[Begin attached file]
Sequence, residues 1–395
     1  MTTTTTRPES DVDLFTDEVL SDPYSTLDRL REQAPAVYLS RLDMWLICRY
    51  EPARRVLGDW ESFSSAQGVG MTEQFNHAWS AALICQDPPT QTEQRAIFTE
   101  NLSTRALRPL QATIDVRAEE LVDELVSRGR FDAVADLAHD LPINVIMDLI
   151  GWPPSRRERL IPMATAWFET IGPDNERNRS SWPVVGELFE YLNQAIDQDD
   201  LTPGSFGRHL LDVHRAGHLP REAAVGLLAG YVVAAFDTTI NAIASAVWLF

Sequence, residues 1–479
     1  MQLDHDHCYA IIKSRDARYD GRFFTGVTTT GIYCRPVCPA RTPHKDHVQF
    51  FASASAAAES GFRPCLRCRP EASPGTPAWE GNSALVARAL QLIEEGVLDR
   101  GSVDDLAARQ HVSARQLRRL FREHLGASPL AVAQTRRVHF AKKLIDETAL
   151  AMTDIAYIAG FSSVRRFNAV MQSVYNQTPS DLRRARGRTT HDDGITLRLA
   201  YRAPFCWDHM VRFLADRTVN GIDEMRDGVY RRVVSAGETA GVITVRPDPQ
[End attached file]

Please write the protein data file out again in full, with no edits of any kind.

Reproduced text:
Sequence, residues 1–395
     1  MTTTTTRPES DVDLFTDEVL SDPYSTLDRL REQAPAVYLS RLDMWLICRY
    51  EPARRVLGDW ESFSSAQGVG MTEQFNHAWS AALICQDPPT QTEQRAIFTE
   101  NLSTRALRPL QATIDVRAEE LVDELVSRGR FDAVADLAHD LPINVIMDLI
   151  GWPPSRRERL IPMATAWFET IGPDNERNRS SWPVVGELFE YLNQAIDQDD
   201  LTPGSFGRHL LDVHRAGHLP REAAVGLLAG YVVAAFDTTI NAIASAVWLF

Sequence, residues 1–479
     1  MQLDHDHCYA IIKSRDARYD GRFFTGVTTT GIYCRPVCPA RTPHKDHVQF
    51  FASASAAAES GFRPCLRCRP EASPGTPAWE GNSALVARAL QLIEEGVLDR
   101  GSVDDLAARQ HVSARQLRRL FREHLGASPL AVAQTRRVHF AKKLIDETAL
   151  AMTDIAYIAG FSSVRRFNAV MQSVYNQTPS DLRRARGRTT HDDGITLRLA
   201  YRAPFCWDHM VRFLADRTVN GIDEMRDGVY RRVVSAGETA GVITVRPDPQ